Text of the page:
Thursday, August 30, 2012

The Final Trip- The Return Home 2

Newgrange Neolithic Barrow

We met up with Roy and Inez and spent time with them catching up on family histories and events since their visit to us in Manukau just before we headed off on our Middle East adventures.

They took us to NewGrange Neolithic barrow to experience more of Ireland's ancient history. The tour was very informative and especially moving when the guide demonstrated the effect of the dawn sun coming through the entrance on the winter solstice. One could almost sense the awe our neolithic ancestors must have experienced as they huddled in the central cavern waiting for the dawn on a cold winter morning as the light edged its way along the entrance tunnel to finally settle in the centre of the room and then disappear as the sun moved above the barrow and away from the narrow window built to channel its light into the mound.
Joy at Newgrange

We left the Grange and headed off to County Fermanaugh to visit Sylvia and Kate in Enniskillen.
Kate, Joy & Sylvia at Enniskillen
We had last visited them back in 1998 when Joy and I had  made a flying trip to Ireland on our first sojourn in the UK. With this visit we added more detail to our shared family history and, from Sylvia's stock of photographs, added to the album and information we will share when, in January next year, we have a Bates family reunion in Wanganui which would mark off 90 years since my Grandparents bought the family to New Zealand.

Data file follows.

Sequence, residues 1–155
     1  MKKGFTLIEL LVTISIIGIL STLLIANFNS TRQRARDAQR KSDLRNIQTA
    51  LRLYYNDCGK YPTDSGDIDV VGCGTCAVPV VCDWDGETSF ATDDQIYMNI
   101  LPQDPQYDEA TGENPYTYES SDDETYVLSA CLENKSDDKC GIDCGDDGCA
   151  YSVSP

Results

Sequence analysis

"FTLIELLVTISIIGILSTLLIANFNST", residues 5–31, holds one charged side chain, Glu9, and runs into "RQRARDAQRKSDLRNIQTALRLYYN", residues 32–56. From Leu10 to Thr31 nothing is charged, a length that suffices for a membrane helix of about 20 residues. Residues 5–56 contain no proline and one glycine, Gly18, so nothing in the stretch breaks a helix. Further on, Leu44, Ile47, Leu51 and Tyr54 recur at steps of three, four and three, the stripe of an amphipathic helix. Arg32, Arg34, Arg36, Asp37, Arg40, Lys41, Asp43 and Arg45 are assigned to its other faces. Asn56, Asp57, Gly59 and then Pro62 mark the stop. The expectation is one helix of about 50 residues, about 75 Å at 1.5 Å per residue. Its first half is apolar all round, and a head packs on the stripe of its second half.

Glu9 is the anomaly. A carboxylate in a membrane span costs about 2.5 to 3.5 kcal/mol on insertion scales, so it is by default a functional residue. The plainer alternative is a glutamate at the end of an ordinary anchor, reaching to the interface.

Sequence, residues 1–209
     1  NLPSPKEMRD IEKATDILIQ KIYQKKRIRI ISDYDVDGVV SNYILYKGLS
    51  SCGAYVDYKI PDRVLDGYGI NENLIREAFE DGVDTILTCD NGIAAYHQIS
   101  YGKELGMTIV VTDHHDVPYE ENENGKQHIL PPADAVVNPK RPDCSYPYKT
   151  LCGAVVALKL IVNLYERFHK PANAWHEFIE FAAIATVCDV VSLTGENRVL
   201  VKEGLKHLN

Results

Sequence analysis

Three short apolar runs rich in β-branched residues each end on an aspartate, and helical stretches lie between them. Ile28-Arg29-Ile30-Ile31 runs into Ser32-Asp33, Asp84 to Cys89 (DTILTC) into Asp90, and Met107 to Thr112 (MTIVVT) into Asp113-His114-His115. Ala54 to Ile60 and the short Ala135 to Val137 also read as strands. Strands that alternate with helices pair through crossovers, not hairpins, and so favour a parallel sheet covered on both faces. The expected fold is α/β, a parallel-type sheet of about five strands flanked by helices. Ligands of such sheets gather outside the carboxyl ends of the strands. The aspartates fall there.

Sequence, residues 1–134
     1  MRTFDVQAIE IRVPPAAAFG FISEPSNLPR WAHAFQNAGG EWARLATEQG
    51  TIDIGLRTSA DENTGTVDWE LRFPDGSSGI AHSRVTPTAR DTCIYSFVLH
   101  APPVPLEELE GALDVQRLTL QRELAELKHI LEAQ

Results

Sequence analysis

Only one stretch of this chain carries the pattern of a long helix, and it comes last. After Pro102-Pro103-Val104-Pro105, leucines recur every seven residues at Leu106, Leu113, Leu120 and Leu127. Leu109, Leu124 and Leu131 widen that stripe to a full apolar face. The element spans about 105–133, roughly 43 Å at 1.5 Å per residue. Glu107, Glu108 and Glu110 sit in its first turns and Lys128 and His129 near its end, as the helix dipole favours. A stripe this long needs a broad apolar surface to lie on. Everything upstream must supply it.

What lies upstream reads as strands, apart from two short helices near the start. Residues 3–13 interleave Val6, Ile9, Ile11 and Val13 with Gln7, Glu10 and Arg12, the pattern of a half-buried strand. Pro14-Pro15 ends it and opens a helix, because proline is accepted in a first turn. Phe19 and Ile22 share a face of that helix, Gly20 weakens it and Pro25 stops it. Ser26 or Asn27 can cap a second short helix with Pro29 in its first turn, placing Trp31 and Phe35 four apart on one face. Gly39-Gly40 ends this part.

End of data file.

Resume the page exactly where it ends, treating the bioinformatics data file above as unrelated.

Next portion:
A newspaper name to be proud of!
Enniskillen sits on a island between Upper and lower Lough Erne and is a Northern Ireland tourist centre. The town is dominated by the 15th century Enniskillen Castle with its museums for both the county and the Inniskilling Regiments. The town is also noted for the past pupils of Portora Royal School (1618) - Samuel Beckett and Oscar Wilde. We were told, with some glee, that when Wilde had been sentenced for homosexuality his name had been removed from the school honours board but then in more recent times been re-enstated. The brighter gold of the new lettering serving to accentuate his name and notoriety!

Joy and I explored the town and visited Castle Coole, a magnificent Neo-Classical house originally built as a summer residence for the first Earl of Belmore in the late 1790s. Apparently the building almost bankrupted him but, after his death, his son was able to both rescue the family finances and complete the house in the 1820s. In the 19th and early 20th centuries the house and property would have been bustling with servants and activity generated by vistors and tradesmen. Now, part of the estate is still the home of the Belmores while the bulk is administered by the National Trust and the bustle is generated by the tourists and locals picnicking and walking through the surrounding parklands.

Back in 1998 Joy and I had driven around the lough and visited Belleek, Boa Island and Devenish Island where St Molaise had established a monastry in the 6th century so, this time, we contented ourselves with exploring the town before moving on to Raphoe and Carnowen to both catch up with John and Joan Fulton and to add to our photograph collection of both family and the village where Mum had been born.

Carnowen School where Mum had once been a pupil.

No comments: